Rothesay is a friendly island a mere ferry's throw from the splendid Wemyss Bay station, all pale green ironwork and large potted plants placed on the ferry walkway by some green-fingered soul.
Martin and I had bumped into Bruce Morton and his partner Alison at Glasgow Central, and bundled up against the cold southwesterly, we bounced onto the ferry with guitars and winter coats, ready for the fray.
A tiny little old lady in a pale green coat, wooly hat, shopping trolley and cream wellies struggled to get the lift door open, and we let her in, then we realised she wouldn't be able to get out at the top so we raced up to let her out.
Once we disembarked at Rothesay we checked in at our B&B, which was lovely (the Boat House www.theboathouse-bute.co.uk) and we hung out there until it was time to go to the gig. We went via an amazing curry house (I've got no idea what it's called but it's on the seafront and it's a deafening orange colour inside) and some nice warm taxis to the Bowling Club where the gig was. Roberto Cassani and his partner, and Kenny Brady the ace fiddle player (he used to play for the Fall) had joined us by now.
This was the first time I had seen the Three Wise Men in action and the energy kicked off at once: Bruce acted as compere and got the audience laughing within seconds. You think he's going to be dour but actually he's a very warm performer, carefully setting traps and weaving threads that lull the audience into laughing at some quite rude stuff! One of his stories made me laugh for a full ten minutes, that sort of laughing when you stop to listen to the next story but you keep going back to the last one and start laughing all over again. I have a feeling that you could see him do the same 'set' a few times but it would be different each night and I'm really looking forward to seeing his show again.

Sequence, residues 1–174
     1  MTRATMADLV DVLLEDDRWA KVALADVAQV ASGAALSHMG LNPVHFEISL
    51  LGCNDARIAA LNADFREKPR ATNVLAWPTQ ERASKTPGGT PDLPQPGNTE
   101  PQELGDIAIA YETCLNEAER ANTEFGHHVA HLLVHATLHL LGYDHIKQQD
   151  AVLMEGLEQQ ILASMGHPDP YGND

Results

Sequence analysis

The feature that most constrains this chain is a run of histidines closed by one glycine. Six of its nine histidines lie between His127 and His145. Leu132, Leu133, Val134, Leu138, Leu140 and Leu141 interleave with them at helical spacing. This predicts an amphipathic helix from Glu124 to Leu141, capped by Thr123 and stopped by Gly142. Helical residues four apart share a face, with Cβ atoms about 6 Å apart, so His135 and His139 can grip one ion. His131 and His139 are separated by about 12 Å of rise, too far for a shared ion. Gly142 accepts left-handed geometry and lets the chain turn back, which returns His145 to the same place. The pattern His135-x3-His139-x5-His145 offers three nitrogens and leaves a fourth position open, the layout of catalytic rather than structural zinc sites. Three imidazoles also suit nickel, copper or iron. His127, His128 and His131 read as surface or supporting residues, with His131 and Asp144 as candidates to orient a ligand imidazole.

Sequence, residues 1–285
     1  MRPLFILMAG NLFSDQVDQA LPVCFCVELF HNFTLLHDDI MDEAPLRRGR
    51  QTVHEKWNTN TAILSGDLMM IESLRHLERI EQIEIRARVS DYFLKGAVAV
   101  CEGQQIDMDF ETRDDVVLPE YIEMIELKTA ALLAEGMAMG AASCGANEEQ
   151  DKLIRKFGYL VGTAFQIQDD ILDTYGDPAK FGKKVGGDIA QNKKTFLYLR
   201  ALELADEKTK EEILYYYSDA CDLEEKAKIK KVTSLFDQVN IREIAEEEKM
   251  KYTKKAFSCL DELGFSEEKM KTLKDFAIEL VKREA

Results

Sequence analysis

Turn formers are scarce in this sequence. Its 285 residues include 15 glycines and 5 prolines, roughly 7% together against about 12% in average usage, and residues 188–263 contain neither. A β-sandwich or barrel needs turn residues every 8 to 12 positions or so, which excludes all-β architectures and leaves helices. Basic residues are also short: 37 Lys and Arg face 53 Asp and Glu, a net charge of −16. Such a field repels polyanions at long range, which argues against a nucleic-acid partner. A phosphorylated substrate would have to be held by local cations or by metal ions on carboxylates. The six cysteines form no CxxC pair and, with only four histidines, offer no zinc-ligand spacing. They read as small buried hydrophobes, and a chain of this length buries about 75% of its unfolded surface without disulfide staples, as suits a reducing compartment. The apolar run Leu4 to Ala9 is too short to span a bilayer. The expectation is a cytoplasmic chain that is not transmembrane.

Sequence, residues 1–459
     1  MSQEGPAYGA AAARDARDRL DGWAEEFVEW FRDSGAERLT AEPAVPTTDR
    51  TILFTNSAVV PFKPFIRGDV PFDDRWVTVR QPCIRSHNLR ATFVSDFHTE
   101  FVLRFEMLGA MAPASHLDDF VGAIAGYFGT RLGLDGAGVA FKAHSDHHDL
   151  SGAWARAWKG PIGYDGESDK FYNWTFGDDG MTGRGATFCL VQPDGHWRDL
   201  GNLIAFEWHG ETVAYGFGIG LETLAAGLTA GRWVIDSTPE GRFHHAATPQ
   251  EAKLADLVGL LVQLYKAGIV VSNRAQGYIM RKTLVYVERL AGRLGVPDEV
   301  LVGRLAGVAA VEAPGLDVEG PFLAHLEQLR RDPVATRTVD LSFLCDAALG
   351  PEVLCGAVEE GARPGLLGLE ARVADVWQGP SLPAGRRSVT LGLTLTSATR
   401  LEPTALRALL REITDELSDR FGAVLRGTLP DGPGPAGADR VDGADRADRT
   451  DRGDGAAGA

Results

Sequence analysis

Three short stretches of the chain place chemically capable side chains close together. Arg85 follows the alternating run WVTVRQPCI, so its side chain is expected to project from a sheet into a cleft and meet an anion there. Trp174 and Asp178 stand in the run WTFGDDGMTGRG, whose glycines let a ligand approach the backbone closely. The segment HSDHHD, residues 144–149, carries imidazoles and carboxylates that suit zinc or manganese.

Roberto went on next, all clean and shiny and innocent-looking, full of scampish humour. The islanders loved his Put Good Knickers On and Go Into Town song; there was a lot of knowing laughter at that one. When he did The Man Flu, three or four women started heckling straight away, seemingly unaware that he's a satirist, not a male chauvinist pig; but of course, by doing so they became part of the show. They practically burst at the line where he says man-flu is worse than childbirth; but butter wouldn't melt in his mouth as he continued the song, halo trembling above his head!
Then it was Martin's turn, and Kenny joined him on stage for some cajun-flavoured old timey music. Martin is part-comedian as well as musician, and the night flowed on as he got people's feet tapping and riffed about the ceiling tiles (expanded polystyrene: we all had them in our kitchens and bathrooms in the 1970s- so modern!). Kenny is an exceptional fiddle player with the essential improviser's skill of knowing how to finish a line elegantly. It doesn't matter how good a soloist someone is, if you can't 'end' well, you unravel the song.
After the interval, Kenny did some songs and I sang a couple, then the trio came back on again. Martin did a lovely version of Rain, then the whole evening ended with a walkabout version of Will The Circle Be Unbroken. Thanks to the promoter Paul for organising such a rip-roarer of a night!